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Figure 7. Effects of BDSW on the phosphorylation of AMPK in muscles (A) and livers (B) of mice fed the ND, HFD, and HFD with BDSW for 20 weeks. Each value represents the mean ± SEM (n = 8 per group). * P < 0.05: Significant difference vs. CON of HFD fed group. ND, normal diet; HFD, high fat diet.
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3. Experimental Section

3.1. Materials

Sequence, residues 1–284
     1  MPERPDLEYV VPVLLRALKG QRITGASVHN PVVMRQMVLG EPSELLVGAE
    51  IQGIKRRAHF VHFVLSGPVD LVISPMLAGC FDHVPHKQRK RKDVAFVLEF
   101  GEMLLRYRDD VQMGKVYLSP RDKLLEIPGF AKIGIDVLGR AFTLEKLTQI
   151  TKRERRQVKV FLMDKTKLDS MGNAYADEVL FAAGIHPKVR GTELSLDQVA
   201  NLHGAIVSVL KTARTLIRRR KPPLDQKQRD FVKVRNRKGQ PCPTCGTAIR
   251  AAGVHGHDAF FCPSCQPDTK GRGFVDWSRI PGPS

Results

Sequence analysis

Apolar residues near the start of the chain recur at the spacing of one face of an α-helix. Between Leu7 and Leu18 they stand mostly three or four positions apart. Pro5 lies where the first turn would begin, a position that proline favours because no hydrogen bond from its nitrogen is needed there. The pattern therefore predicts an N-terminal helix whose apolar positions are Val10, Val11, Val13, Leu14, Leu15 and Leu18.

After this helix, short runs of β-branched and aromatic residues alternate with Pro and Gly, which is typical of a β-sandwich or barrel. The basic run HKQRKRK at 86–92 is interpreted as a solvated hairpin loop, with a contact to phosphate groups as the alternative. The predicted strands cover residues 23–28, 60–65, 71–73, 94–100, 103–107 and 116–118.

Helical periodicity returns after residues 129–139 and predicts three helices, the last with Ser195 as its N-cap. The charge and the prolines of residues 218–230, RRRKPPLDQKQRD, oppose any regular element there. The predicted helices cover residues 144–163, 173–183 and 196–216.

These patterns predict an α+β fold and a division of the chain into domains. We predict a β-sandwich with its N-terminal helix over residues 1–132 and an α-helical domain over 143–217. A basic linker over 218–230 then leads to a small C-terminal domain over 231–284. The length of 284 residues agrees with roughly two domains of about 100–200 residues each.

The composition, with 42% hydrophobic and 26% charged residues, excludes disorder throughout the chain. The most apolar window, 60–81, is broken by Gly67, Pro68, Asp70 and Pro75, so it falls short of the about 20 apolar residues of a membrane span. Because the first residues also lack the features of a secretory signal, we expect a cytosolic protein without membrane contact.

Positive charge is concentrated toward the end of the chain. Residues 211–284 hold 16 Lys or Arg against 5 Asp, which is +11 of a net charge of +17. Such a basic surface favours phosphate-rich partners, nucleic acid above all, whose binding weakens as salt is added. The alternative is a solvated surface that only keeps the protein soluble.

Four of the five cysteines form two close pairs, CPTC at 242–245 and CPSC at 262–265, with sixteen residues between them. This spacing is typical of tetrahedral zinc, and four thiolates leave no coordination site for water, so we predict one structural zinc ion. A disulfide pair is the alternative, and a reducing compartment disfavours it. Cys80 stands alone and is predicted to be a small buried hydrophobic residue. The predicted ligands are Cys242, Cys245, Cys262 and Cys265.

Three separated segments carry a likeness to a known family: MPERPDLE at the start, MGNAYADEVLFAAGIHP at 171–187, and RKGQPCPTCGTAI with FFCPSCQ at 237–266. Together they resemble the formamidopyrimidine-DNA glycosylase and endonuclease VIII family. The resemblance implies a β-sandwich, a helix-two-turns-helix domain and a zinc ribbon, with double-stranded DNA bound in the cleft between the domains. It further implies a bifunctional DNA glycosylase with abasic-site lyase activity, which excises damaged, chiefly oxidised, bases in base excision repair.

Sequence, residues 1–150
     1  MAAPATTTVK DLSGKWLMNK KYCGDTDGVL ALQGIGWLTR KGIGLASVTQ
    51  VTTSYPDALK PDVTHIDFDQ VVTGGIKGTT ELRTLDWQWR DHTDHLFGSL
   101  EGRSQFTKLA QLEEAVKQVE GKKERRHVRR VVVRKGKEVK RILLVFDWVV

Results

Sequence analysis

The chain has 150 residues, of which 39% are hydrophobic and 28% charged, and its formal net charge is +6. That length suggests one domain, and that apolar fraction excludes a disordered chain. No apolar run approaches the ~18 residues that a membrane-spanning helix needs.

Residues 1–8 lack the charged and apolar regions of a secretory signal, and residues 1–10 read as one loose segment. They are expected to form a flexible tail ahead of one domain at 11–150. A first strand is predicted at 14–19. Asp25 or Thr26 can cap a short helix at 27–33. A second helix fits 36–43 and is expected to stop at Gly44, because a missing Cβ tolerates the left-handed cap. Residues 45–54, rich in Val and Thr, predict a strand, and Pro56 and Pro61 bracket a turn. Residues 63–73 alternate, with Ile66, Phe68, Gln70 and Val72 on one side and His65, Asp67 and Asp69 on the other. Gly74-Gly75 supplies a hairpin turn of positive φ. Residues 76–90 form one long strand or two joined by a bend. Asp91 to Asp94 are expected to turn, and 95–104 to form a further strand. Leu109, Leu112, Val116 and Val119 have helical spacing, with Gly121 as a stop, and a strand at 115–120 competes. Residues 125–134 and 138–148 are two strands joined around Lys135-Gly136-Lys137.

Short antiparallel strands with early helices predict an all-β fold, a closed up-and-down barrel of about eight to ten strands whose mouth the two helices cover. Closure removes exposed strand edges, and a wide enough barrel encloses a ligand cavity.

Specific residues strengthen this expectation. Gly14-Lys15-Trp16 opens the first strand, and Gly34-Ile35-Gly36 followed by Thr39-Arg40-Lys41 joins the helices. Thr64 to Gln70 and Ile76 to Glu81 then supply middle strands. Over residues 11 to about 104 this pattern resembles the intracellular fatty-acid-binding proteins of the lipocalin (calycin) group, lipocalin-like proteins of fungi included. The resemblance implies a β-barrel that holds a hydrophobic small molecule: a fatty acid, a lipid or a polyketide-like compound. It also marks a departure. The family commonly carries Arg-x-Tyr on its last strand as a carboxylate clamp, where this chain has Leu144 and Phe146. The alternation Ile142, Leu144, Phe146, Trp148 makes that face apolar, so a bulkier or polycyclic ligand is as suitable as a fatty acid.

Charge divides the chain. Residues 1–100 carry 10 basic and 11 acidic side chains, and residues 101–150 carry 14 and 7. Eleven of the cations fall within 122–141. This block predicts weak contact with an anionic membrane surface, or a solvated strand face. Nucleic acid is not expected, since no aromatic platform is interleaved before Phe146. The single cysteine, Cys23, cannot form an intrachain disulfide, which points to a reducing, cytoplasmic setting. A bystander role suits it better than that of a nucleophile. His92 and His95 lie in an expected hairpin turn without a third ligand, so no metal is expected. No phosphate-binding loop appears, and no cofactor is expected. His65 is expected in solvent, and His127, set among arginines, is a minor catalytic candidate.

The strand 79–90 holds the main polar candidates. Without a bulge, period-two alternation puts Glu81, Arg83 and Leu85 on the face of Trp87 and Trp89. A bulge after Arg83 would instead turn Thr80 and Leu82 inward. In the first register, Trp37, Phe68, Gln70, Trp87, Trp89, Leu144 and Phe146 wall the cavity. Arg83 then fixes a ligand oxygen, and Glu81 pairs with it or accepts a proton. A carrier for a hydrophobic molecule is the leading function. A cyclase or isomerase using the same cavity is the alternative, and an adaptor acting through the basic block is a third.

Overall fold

3T3-L1 cells were purchased from the Korean Cell Line Bank (Seoul, Korea; KCLB No. 10092.1). Male C57BL/6J mice (5 weeks of age) were obtained from Charles River Japan (Charles River Japan, Kanagawa, Japan). The following items were purchased from the cited commercial sources: 5-aminoimidazole-4-carboxamide 1-β-d-ribofuranoside, acadesine, N1-(β-d-ribofuranosyl)-5-aminoimidazole-4-carboxamide (AICAR) and 5-[[4-[2-(methyl-2-pyridinylamino)ethoxy]phenyl]methyl]-2,4-thiazolidinedione (rosiglitazone), 3,3-diaminobenzidine tetrahydrochloride (DAB) from Sigma-Aldrich Co. LLC. (St. Louis, MO, USA); Glucose, Cleantech TG-S, and ASAN SET Total-Cholesterol assay kit from Asan Pharmaceutical Co. Ltd. (Seoul, Korea); Ultra Sensitive Mouse Insulin ELISA kit from Crystal Chem Inc. (Downers Grove, IL, USA); Mouse Adiponectin/Acrp30 and Leptin ELISA kit from R&D Systems, Inc. (Minneapolis, MN, USA); Mouse IL-6 and TNF-ELISA kit from Biolegend, Inc. (San Diego, CA, USA); anti-phospho AMPK, anti-AMPK, anti-phospho acetyl co-A carboxylase 1 (ACC1), anti-phospho insulin receptor substrate 1 (IRS1), and anti-glucose transporter 4 (GLUT4) antibodies from Cell Signaling Technology (Danvers, MA, USA); guinea pig anti-human insulin, and rabbit anti-glucagon from Merk Millipore Co. (Billerica, MA, USA); peroxidase-conjugated AffiniPure goat anti-rabbit Ig (H + L) from proteintech group Inc. (Chicago, IL, USA); anti-β-actin, horseradish peroxidase (HRP)-conjugated anti-mouse IgG, and anti-rabbit IgG-HRP antibodies from Santa Cruz Biotechnology Inc. (Santa Cruz, CA, USA); ECL Plus Western Blotting Substrate from Pierce Biotechnology (Rockford, IL, USA); Trizol and 2-(N-(7-nitrobenz-2-oxa-1,3-diazol-4-yl)amino)-2-deoxyglucose (2-NBDG) from Invitrogen Life Technologies (Carlsbad, CA, USA); PrimeScript™ 1st strand cDNA Synthesis Kit from Takara Bio Inc. (Shiga, Japan); FastStart Universal SYBR Green Master from Roche Applied Science (Basel, Switzerland); Phosphatase Inhibitor Cocktail and Protease Inhibitor Cocktail solutions from GenDEPOT (Barker, TX, USA).